Where words fail, music speaks…

*This isn’t comedy or meant to be funny so if you are here to laugh or for something silly, check out another post :)*

“If a composer could say what he had to say in words he would not bother trying to say it in music.” – Gustav Mahler.

I couldn’t agree with Gustav Mahler’s words more. Within the quote, there is the question of using specific languages or arts to communicate feelings and thoughts. Since English is my first language, I am going to use it to provide examples. English is an impressive language with a great number of synonyms for each word, many of which have different connotative degrees of intensity. For example, the simple word “happy,” which everyone is familiar with, has the synonyms “glad,” “joyous,” “elated” and “ecstatic” and each one seems

to be a greater degree of “happy” than the previous. However, sometimes, no synonym could possibly be enough to describe your joy. When you hold your new-born brother for the first time, the words “overjoyed” and “ecstatic” pale in comparison to the emotions you feel.  Maybe Mozart’s Jupiter Symphony would be closer actually.

I think there is a clear reason for this. You can use words to communicate your thoughts and feelings but they only help others to understand what you feel. On the other hand, music can actually let them see how you feel (and that is if jumping up and down is not indicative enough of your joy). Let me use the same example of the birth of my brother. I can easily tell my friends, “It was a beautiful moment for me. My heart was beating slightly faster because of the joy and exhilaration that was coursing through my veins from holding my brother after months of waiting.” These words are well enough to create sufficient imagery in the minds of others but maybe the beauty of the moment could be explained better with the moving pleasant tunes of Beethoven’s Ode to Joy in the fourth movement of Symphony No. 9 or my joyous heart’s rhythm with the quick tempo and diverse dynamics of the fourth movement of Mozart’s Jupiter Symphony.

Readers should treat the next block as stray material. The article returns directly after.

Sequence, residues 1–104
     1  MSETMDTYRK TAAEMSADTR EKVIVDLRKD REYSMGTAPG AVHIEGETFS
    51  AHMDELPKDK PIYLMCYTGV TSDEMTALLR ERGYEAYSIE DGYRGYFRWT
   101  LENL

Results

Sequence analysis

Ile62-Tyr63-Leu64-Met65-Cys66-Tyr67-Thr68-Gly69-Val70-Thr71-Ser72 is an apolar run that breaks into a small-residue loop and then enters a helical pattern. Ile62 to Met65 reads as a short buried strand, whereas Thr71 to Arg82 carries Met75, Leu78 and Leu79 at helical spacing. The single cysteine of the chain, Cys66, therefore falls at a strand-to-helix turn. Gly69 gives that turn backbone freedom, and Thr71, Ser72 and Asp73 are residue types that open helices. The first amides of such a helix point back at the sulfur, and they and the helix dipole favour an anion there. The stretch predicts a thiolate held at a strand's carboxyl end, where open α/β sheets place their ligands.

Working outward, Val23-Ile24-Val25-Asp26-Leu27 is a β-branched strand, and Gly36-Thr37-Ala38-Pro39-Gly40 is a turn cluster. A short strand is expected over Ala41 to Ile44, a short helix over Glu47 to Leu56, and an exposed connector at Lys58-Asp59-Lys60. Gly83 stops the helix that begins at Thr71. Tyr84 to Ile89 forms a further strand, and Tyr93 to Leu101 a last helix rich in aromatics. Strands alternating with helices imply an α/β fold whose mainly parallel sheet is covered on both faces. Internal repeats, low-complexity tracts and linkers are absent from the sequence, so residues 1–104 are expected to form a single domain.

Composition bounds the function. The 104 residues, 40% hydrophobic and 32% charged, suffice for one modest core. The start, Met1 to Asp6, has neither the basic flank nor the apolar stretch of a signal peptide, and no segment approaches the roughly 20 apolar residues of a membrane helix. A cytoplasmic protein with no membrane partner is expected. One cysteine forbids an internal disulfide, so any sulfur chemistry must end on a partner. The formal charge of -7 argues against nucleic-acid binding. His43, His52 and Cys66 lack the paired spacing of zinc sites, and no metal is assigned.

While I may use music to describe my emotions in this blog post, composers might actually compose music, to describe their strongest emotions – not just happiness but others like excitement, anger, sadness and pride – because, as in my case, words are not sufficient for them in some instances. I think this does not just apply to music but to all art forms – dance, painting, poetry and others. The calm and peace someone might experience could be expressed though the soft and slow tunes of music, the smooth, elegant steps in contemporary dance, the cool colours in a painting or the description of a winter landscape in a Robert Frost poem instead of simply stating, “I feel peaceful today.” The concept of using arts to describe and communication emotions and thoughts is not new – it has been the inspiration of artists for centuries. It stems of the need of humans to – not only inform others and make them understand – but to share feelings so that others can have a semblance of what they feel when words aren’t sufficient to express. As Victor Hugo once rightfully said, “Music expresses that which cannot be put into words and that which cannot remain silent.”


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